The Path to Victory


Pinchos Lipschutz 44By Rabbi Pinchos Lipschutz

Regardless of the popularity of a product line and the deftness of its salespeople, a business cannot succeed if its inventory control is lacking or if its accounting department is inefficient and sloppy. Proper records must be kept and analyzed so that managers can efficiently gauge and monitor progress.

To use a timely parable, it is not enough for a political candidate to have a good platform and résumé. He must also have a good staff and ground organization. He must display good common sense, besides being familiar with the issues of the day. He must be viewed as honest and dependable, someone who can be counted on to keep his word.

During Elul, we are all candidates. We are all running for something. We are running for our lives. Elul is when we review our résumé and contemplate and reflect on the successes and failures of the past year. We seek to make the achievements permanent and rise above our challenges as we craft a plan to make the case that we are deserving of a year of life, good health, and success in all areas.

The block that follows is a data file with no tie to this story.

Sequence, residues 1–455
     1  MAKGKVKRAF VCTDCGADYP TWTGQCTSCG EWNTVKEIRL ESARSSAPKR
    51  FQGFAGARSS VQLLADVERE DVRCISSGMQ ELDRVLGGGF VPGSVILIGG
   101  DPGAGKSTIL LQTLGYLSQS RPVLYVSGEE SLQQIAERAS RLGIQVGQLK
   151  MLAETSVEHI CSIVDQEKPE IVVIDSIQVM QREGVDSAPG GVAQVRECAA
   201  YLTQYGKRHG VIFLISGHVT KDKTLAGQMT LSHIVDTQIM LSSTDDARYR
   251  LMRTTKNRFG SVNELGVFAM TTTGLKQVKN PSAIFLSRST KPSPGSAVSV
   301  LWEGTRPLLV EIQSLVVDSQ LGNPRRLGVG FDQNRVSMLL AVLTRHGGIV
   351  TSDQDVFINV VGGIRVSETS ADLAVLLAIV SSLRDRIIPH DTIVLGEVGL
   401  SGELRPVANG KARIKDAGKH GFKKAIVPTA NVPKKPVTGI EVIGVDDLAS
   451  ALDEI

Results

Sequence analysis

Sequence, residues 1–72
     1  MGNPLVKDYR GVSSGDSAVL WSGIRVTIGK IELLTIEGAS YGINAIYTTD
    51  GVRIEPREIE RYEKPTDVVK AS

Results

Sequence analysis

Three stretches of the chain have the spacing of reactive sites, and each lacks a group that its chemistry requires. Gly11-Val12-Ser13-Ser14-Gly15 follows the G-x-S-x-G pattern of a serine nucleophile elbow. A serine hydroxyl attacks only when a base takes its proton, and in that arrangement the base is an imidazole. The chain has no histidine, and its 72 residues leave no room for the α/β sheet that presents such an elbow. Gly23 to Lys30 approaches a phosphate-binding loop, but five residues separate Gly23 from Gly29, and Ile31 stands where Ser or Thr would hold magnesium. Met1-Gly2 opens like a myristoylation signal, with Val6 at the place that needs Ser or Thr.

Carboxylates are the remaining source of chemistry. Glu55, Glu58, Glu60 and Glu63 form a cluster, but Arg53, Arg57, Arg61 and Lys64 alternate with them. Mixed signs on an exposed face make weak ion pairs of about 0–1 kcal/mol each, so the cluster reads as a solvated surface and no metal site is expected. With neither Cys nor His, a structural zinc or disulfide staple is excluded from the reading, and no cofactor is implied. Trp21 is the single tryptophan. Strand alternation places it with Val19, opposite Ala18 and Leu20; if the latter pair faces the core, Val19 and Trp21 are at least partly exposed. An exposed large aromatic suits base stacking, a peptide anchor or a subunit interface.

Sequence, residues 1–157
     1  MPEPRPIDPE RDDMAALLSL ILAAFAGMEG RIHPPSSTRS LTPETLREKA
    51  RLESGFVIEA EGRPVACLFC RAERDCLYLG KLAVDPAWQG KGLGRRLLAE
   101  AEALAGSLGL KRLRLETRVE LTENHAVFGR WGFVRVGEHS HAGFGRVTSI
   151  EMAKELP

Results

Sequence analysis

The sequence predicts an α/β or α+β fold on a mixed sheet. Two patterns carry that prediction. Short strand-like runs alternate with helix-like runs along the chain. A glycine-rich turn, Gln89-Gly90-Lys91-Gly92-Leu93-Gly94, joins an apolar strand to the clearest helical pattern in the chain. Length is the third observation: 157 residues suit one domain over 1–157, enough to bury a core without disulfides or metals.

Introspection and reflection are catalysts to action. Our ability to think clearly is the first step on the path to accomplishing our goals.

A beleaguered rosh kollel once approached Rav Yitzchok Lorincz and threw his hands up in despair. “I can’t do it anymore. I simply can’t,” he said.

To bolster his claim, the rosh kollel recounted that he’d gone to a mental health professional, who’d agreed that he wasn’t suited for the responsibilities of running a kollel and also shared his opinion that the rosh kollel would ultimately collapse from the pressure.

Rav Lorincz suggested that the careworn rosh kollel join him on a visit to Rav Lorincz’s grandfather, Rav Shlomo Zalman Auerbach.

Rav Shlomo Zalman welcomed the visitors and asked the dejected man how long he had been serving as a rosh kollel.

“25 years,” the man said.

“Did you ever have worse times than you are experiencing now?” asked Rav Shlomo Zalman.

“Yes,” the man responded.

“Did Hashem help you in your difficult times?”

“Yes,” said the rosh kollel. “Every time, in fact. But every month, the situation repeats itself, until I finally come up with the money for the kollel.”

“So,” Rav Shlomo Zalman remarked, “each month you are privileged to see anew how Hashem controls everything. Why do you worry?”